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Female employees working from home during the lockdown pandemic have been told to dress “sexier” and wear make-up for video calls by their bosses, new research suggests.

A third of women say they’ve endured at least one sexist workplace demand since lockdown forced home-working on those who were able in March.

That’s according to employment law firm Slater and Gordon.

Their research says that bosses have accounted for comments about women’s dress by saying it would “help to win new business”, it’s important to “look nicer for the team” and “it would be more pleasing to a client”, according to the study.

Sexism was hoped to have dropped off as offices closed down, says the firm – but instead, has now found “new and insidious” ways to thrive online.

Around two out of five women have revealed that they or women in their teams have been targeted by inappropriate demands which left them them feeling “objectified, demoralised and self-conscious” about their appearance – rather than being treated equally with male employees.

Most of the women who were told to dress more provocatively did not report their boss to their human resources (HR) department.

One in four, according to the research, actually agreed to change the way they looked for fear of a negative impact on their career.

Slater and Gordon employment lawyer Danielle Parsons said: “It is categorically wrong for a manager or anyone in a position of power to suggest, even politely, for a woman to be more sexually appealing in the workplace.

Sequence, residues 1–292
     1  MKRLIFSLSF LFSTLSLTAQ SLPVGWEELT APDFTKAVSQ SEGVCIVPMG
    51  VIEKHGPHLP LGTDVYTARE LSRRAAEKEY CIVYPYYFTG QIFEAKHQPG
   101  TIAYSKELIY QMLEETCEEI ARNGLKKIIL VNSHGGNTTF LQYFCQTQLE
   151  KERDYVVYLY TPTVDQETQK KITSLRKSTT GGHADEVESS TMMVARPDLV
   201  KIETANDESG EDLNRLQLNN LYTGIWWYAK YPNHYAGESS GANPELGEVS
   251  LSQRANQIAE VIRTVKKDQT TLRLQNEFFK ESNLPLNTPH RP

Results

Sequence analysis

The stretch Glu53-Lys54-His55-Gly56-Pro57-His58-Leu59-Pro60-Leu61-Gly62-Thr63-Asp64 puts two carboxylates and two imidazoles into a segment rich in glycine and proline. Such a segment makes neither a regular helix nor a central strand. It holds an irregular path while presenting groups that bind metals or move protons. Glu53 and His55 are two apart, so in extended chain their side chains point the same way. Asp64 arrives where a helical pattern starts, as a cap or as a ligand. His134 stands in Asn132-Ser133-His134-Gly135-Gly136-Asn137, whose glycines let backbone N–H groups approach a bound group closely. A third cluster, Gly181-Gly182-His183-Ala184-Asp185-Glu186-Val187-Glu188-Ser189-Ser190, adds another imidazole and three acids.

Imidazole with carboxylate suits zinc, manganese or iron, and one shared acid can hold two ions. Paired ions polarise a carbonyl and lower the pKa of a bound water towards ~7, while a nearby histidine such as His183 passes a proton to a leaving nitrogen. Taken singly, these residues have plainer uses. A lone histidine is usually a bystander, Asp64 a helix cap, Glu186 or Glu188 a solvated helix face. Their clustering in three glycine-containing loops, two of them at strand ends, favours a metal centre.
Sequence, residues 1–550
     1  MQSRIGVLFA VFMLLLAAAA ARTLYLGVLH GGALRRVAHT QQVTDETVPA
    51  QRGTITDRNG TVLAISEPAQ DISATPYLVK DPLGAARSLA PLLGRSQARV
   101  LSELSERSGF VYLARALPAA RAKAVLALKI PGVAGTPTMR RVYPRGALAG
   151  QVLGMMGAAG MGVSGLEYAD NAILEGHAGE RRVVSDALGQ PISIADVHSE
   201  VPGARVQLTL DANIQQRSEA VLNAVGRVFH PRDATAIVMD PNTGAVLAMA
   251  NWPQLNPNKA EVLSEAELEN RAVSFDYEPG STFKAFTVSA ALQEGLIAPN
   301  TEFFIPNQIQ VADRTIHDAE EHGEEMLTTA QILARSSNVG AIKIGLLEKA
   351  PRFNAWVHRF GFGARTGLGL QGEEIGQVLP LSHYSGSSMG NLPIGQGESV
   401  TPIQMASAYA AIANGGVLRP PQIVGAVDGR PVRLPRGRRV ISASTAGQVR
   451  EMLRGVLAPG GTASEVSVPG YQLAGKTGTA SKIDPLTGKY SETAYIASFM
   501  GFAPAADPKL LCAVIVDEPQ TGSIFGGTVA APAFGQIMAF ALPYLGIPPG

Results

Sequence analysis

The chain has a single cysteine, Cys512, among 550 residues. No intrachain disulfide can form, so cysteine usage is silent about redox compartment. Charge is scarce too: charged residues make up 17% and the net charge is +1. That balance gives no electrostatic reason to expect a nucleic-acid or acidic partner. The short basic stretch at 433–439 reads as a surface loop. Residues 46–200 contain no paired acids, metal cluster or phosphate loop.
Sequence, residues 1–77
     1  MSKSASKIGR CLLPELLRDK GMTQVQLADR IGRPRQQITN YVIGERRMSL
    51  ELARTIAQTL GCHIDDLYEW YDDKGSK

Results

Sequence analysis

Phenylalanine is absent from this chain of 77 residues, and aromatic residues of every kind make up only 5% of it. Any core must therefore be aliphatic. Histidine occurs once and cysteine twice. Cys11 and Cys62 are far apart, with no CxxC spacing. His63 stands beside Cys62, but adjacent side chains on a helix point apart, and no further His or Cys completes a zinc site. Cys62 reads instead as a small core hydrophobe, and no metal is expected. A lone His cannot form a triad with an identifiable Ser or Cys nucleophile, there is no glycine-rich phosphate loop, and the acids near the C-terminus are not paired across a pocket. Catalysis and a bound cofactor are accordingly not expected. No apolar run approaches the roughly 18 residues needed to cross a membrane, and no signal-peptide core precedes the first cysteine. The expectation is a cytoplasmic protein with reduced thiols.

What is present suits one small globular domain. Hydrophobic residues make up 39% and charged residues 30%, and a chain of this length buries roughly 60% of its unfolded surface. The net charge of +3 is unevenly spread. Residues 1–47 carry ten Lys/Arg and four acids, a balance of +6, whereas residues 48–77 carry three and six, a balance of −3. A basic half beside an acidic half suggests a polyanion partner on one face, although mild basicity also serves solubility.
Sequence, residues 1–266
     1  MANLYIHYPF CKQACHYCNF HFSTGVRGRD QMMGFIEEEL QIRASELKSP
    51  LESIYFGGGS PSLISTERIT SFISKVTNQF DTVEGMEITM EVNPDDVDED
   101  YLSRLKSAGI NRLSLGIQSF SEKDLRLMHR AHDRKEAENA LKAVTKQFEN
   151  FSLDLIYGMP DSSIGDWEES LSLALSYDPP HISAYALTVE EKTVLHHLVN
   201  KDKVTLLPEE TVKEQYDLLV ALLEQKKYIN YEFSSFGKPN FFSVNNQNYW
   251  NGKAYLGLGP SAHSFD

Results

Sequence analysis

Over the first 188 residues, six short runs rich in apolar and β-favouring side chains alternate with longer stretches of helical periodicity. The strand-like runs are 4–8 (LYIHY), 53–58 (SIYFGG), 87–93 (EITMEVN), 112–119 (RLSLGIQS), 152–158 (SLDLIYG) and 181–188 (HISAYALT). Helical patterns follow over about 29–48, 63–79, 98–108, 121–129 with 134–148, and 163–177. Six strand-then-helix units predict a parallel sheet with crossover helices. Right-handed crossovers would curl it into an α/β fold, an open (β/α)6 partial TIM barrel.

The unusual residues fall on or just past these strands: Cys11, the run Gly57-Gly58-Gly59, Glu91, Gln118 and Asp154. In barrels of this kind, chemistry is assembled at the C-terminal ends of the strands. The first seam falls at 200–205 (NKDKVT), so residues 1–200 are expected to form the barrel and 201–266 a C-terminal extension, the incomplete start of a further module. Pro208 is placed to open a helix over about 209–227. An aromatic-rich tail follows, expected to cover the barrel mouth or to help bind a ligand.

“This is a powerful form of coercion which makes women feel as if they must adhere to the manager’s request and be more visually pleasing to be successful at their job. This is demeaning to women.

“It’s extremely disappointing that we are still having these conversations, particularly during this time when women are juggling a multitude of roles from home, and may be also struggling with childcare responsibilities.

“This type of archaic behaviour has no place in the modern working world.

Many claim they have been told to wear make up on a Zoom call

“Requests of this nature are discrimination and unlawful where male counterparts aren’t treated in this way, or where such unwanted requests create a humiliating or degrading environment for women.”

One in three women surveyed said they were asked to wear more make-up or work on their hair, and almost as many were asked to dress more sexily or provocatively.

Slater and Gordon urged women to report any demands to change their appearance to their HR department, or seek legal advice.

The company surveyed 2,000 men and women.

Sue Harris, legal director of the GMB union, said: “The way women are treated in our society is absolutely reflected in the findings of this poll.

“Nobody ever considers what a man looks like or suggests he change appearance for the purposes of a team call.”

TUC general secretary Frances O’Grady said: “Sexism and harassment at work has a huge impact on women’s lives, even during a pandemic.

“Trade union reps can help members who experience it, but we need better laws to stop it happening in the first place.

“Ministers should strengthen the law by giving employers a legal duty to prevent sexual harassment at work. This would help put an end to toxic workplaces where sexism and harassment are an everyday experience for women.”

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